Community Research and Development Information Service - CORDIS

ERC

Hairy Cell Leukemia Report Summary

Project ID: 617471
Funded under: FP7-IDEAS-ERC
Country: Italy

Mid-Term Report Summary - HAIRY CELL LEUKEMIA (Genetics-driven targeted therapy of Hairy Cell Leukemia)

Hairy Cell Leukemia (HCL) is a rare tumor initially sensitive to chemotherapy, but up to 50% of patients eventually relapses and becomes less responsive to these drugs, which are also quite toxic to the normal bone marrow. Less toxic and more "intelligent" drugs (killing only the leukemic cells and sparing the normal ones) are highly desirable in HCL, but its low incidence has made HCL an orphan in the world of cancer research.
However, a few years ago we identified the genetic cause of HCL in the mutation of one of our genes, called BRAF. We then used the funds awarded by the European Research Council to understand how the mutation of BRAF shapes the particular features of this leukemia (for example the peculiar hairy morphology) and how to harness this understanding to better cure HCL.
We addressed these issues by studying in the laboratory leukemic cells purified from the blood and/or the bone marrow of the HCL patients. By exposing these cells to BRAF inhibitors (i.e., drugs blocking the action of mutated BRAF), we discovered that mutated BRAF is responsible for many characteristics of HCL, in particular for: i) its hairy projections (the leukemic cells become "bald" after blocking mutated BRAF); ii) the expression of molecular markers used in the diagnosis of HCL; and, importantly, iii) the escape from apoptosis (a programmed cell death), which causes the growth of the leukemia in the body of the patients (cell apoptosis is, instead, restored by blocking mutated BRAF).
Such progress obtained in the laboratory translated into a progress also in the HCL patients. Indeed, we used vemurafenib or dabrafenib, two BRAF inhibitors that can be taken simply by mouth, to treat, as outpatients, HCL patients not responding anymore to the conventional chemotherapy, which is usually given endovenously in the hospital. The results on 36 such patients are impressive: all patients except one responded by normalizing the low blood counts (hemoglobin, neutrophils and platelets) produced by the leukemic invasion of the bone marrow; some of these patients (about a third) even got a complete remission, i.e. cleared the disease almost completely from the bone marrow and the spleen (the other main organ affected by HCL). The BRAF inhibitors vemurafenib or dabrafenib caused some side effects in the HCL patients (mostly on the skin and the joints), but they were manageable and, importantly, did not include the dangerous ones of conventional chemotherapy (i.e., suppression of the blood counts and immune-depression). However, patients tended to relapse several months to a few years after the last drug dose (which was given for up to 16 weeks), because not each and every leukemic cell had been killed by vemurafenib or dabrafenib, and these cells represent the reservoir for subsequent leukemia regrowth.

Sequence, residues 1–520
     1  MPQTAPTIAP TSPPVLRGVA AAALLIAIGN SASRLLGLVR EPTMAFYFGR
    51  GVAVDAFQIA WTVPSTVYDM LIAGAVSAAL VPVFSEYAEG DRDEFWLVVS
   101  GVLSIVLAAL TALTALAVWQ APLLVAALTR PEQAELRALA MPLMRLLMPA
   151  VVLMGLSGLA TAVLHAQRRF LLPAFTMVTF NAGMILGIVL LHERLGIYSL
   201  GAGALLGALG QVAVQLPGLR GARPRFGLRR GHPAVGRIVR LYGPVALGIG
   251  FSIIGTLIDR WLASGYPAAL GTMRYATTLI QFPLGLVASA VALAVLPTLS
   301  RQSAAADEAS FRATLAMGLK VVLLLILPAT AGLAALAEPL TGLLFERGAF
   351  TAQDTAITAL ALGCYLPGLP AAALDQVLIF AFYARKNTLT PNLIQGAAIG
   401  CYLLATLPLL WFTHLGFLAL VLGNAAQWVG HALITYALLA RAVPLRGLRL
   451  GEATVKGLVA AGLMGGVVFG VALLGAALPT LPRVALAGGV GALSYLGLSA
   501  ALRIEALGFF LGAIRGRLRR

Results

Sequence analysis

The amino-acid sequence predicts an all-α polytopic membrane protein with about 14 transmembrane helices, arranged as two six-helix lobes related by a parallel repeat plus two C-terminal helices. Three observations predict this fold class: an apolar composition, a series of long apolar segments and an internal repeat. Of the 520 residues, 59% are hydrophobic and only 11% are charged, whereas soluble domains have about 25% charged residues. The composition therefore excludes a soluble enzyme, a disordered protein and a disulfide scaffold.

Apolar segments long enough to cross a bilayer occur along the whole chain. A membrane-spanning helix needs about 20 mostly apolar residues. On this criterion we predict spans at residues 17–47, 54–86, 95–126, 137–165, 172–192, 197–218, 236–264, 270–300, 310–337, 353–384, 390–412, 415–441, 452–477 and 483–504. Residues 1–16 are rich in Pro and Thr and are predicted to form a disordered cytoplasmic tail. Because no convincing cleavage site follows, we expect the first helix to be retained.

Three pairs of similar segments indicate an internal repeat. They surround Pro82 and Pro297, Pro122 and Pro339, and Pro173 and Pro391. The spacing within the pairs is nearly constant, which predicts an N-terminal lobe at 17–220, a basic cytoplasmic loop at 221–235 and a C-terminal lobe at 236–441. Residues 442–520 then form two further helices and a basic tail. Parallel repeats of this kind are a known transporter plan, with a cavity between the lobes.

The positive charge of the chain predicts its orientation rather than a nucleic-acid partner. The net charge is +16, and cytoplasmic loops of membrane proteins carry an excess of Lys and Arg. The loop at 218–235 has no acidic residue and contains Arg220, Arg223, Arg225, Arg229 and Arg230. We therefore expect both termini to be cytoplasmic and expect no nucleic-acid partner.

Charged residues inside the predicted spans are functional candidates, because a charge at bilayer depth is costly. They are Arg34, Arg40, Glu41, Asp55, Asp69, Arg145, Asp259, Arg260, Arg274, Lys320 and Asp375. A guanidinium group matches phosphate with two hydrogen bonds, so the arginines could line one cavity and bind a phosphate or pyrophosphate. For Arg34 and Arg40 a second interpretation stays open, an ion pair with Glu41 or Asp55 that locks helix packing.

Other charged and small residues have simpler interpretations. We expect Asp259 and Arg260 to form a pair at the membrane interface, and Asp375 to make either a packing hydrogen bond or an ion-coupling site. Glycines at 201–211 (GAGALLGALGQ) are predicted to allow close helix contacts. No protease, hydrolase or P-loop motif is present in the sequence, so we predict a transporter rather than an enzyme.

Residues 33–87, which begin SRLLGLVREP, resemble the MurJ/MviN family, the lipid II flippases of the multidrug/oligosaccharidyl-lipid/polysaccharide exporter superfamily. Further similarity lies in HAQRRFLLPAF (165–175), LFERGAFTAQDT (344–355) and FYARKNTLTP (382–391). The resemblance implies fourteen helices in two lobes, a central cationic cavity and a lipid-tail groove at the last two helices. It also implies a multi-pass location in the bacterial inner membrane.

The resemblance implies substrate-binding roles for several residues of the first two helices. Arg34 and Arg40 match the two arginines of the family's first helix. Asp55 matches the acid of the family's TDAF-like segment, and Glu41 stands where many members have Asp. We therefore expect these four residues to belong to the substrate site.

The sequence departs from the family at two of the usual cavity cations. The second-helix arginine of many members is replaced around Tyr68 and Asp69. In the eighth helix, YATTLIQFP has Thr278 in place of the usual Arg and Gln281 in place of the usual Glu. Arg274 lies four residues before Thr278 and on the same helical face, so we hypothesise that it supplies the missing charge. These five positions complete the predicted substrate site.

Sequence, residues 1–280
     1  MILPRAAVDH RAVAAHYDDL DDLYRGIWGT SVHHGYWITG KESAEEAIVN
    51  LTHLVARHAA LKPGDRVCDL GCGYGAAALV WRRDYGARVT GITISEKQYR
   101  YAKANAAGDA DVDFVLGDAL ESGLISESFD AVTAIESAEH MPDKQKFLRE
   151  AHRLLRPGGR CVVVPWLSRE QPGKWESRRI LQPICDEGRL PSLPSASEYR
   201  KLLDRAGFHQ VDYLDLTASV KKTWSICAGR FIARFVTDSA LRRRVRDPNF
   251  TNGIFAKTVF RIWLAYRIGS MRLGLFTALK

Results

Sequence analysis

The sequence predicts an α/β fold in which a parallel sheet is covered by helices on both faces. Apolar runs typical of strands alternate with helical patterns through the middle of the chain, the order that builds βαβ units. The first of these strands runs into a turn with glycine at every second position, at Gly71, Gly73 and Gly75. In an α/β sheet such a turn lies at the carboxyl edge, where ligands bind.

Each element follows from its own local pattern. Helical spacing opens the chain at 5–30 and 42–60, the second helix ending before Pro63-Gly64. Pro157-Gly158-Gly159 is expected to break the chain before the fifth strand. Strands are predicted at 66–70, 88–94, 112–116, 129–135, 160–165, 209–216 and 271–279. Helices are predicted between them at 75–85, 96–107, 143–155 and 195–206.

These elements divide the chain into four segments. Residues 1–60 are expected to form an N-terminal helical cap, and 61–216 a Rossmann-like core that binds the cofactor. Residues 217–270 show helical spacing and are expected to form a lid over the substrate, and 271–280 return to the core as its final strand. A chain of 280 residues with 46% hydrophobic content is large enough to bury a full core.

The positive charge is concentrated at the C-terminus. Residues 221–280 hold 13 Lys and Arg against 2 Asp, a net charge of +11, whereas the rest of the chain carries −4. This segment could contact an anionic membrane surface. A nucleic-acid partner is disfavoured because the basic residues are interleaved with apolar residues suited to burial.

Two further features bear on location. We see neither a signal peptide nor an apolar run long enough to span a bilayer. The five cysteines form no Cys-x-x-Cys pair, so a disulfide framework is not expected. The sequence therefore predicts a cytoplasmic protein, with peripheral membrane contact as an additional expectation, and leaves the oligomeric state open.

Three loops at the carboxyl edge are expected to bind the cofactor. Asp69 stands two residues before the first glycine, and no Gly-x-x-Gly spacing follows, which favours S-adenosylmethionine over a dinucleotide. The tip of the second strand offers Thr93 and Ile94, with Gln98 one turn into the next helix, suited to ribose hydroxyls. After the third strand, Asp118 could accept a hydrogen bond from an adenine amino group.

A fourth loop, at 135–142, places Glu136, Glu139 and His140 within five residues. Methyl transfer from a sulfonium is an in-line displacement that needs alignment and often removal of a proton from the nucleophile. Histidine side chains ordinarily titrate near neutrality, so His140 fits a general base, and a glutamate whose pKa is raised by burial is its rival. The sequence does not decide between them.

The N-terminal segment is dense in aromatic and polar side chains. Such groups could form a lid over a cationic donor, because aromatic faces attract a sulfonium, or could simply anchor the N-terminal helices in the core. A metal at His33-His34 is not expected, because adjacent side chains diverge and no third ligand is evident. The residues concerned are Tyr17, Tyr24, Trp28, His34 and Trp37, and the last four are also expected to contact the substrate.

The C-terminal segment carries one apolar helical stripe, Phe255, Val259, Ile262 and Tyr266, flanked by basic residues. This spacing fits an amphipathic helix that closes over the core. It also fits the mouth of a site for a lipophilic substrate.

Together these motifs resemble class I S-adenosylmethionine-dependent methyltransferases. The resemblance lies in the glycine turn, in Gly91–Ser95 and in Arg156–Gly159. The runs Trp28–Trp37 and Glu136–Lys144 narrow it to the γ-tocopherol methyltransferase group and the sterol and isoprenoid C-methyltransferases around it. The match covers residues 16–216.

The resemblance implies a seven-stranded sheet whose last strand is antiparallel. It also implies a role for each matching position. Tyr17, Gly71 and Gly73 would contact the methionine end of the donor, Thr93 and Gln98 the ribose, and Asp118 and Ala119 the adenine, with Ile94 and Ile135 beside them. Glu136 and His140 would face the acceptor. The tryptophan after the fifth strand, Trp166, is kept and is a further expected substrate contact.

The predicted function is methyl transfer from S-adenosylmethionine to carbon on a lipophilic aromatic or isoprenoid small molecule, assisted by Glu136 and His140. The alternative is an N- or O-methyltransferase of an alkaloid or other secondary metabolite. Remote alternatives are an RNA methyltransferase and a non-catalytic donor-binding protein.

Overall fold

We are now trying, on the one hand, to better understand in the laboratory the specific mechanisms underlying resistance to vemurafenib and dabrafenib, and on the other hand, to improve in the clinic the results obtained with BRAF inhibitors by giving them to patients in combination with other "intelligent" drugs, such as rituximab (which boost the immune response against HCL), or an inhibitor of MEK (a gene which is activated by BRAF and thus should be blocked by BRAF inhibitors, but in fact it finds the way to become reactivated in some HCL patients taking vemurafenib or dabrafenib).

Reported by

UNIVERSITA DEGLI STUDI DI PERUGIA
Italy
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